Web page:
Yale Dean Joel Podolny to Step Down

Big news at Yale… Yesterday the Yale School of Management announced that Joel Podolny will leave his post as dean of the school to join Apple as vice president and dean of the company’s coming Apple University. Effective November 1, Professor Sharon Oster will take the reins as interim dean while the school conducts a search for Podolny’s permanent replacement.

It’s an understatement to say that Podolny has made a big impact on Yale in his three and a half years there. The number of applications to Yale has increased by 50% over the past five years and the school’s full-time faculty has grown by 20% (even as the school has deliberately reduced its class size). And while a school is so much more than its building, Yale SOM’s new campus (scheduled for completion in 2011) will stand as a testament to Podolny’s last impact on the school.

In an email to the Yale SOM community, Podolny expressed his bittersweet feelings about leaving behind Yale for Apple:

So even as I am excited about this new chapter in my life, I am very sad to be leaving SOM. However, I can state unequivocally that I would not consider leaving if I did not feel that the school was on a strong footing. As a school, we know who we are. We have embraced our distinct mission, and are singularly and fundamentally focused on cultivating a distinct model of leadership, a model that can and should be applied across industry and sector. We know we will soon have a spectacular new campus that will support and sustain our educational model. As a community of faculty, staff, students, alumni and friends, we know what we must do to execute on the unique and necessary MBA curriculum that we have pioneered.

Podolny won’t actually join Apple until early 2009, and will stay on the Yale faculty and will continue to teach until then. He and the school are doing the right thing by getting the transition started now.

While we at Veritas Prep were mainly asking “What does this mean for Yale?” when we first heard the news, it also makes us wonder about Apple and its education initiatives. The company has in some ways returned to its education roots by embracing how colleges use its iPod and iTunes system to allow students to access a library of course lectures. While many in the press have speculated that the company’s Apple University will be a training program for employees, we wonder if it’s actually a much broader digital education play that Apple may make in the next couple of years.

For more advice about applying to Yale, visit the Veritas Prep Yale School of Management information page.

Yale SOM Application Essays and Deadlines for 2008-2009

The Yale School of Management recently released its application essays and deadlines for the 2008-2009 admissions season. Our comments are in italics:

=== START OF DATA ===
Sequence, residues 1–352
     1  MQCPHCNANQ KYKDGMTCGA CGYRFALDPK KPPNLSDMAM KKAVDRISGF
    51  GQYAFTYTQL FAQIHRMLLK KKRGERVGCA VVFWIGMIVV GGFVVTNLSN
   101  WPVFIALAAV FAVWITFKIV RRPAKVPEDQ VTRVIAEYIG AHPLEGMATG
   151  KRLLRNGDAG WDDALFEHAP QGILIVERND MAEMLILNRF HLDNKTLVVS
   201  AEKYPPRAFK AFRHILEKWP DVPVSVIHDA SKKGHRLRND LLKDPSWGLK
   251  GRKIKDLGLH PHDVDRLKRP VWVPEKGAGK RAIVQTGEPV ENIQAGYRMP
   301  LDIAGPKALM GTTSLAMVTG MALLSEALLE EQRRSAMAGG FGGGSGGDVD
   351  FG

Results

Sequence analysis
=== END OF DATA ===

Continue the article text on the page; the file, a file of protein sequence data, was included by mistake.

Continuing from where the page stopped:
Yale SOM Application Deadlines
Round 1: October 22, 2008
Round 2: January 7, 2009
Round 3: March 18. 2009

Yale SOM Application Essays

  1. Why a Yale MBA?

    What is the impact that you wish to have on the world? How will your previous experiences and a Yale MBA enhance your ability, in the short-term and long-term, to pursue a career that will allow you to achieve this impact? (500 words maximum)

    (This is very different from last year’s more standard “Why an MBA?” question. Like many other top schools, Yale seems to be moving away from that common question and trying to dig deeper. But don’t reach too far here… Be honest about what impact you see yourself having on the world. Yale does not expect to fill its class with a couple of hundred people who will stop global warming and end famine. Be honest about what you think an MBA will help you achieve, and why this is so. In that respect, this question is still the same as last year’s. We think Yale is simply looking for a more personal introspective bent, beyond just your career goals.)

  2. Leadership Example

    Describe a professional accomplishment that exhibits your leadership style. The accomplishment should include evidence of your leadership skills, a description of the actions you took, as well as the impact you had on your organization. (500 words maximum)

  3. (This is reworded from last year’s question, but the substance is very similar. You need to describe a time when your being there made something happen — something that wouldn’t have happened if it weren’t for you.)

  4. Personal Statement 1

    Choose one of the following topics and answer it in essay form. Please indicate the topic number at the beginning of your essay. (500 words maximum)

    (1) A central premise of our teaching about leadership at the Yale School of Management is that true leadership

Tony Blair to Teach at Yale

Former UK Prime Minister Tony Blair was recently appointed the 2008-2009 Howland Distinguished Fellow at Yale. He will lead a seminar on faith and globalization, which is going to be a joint effort between Yale’s School of Management and the Yale Divinity School.

You can read the full post from Yale here.

And if you’re planning to apply to Yale for the 2008-2009 school year, visit our Yale School of Management information page.


In the interest of being environmentally aware, both Harvard and Yale have announced new plans for LEED-certified buildings. Harvard has been working with a German company to develop a new science center that will be gold-certified and twice as clean in regards to greenhouse gases as other similar research facilities. Yale has been working with a London-based company, developing a new building for their School of Management, which will triple the size of their business school.

Perhaps some environmentally-savvy businesspeople were behind this?

Source: Harvard & Yale Go Green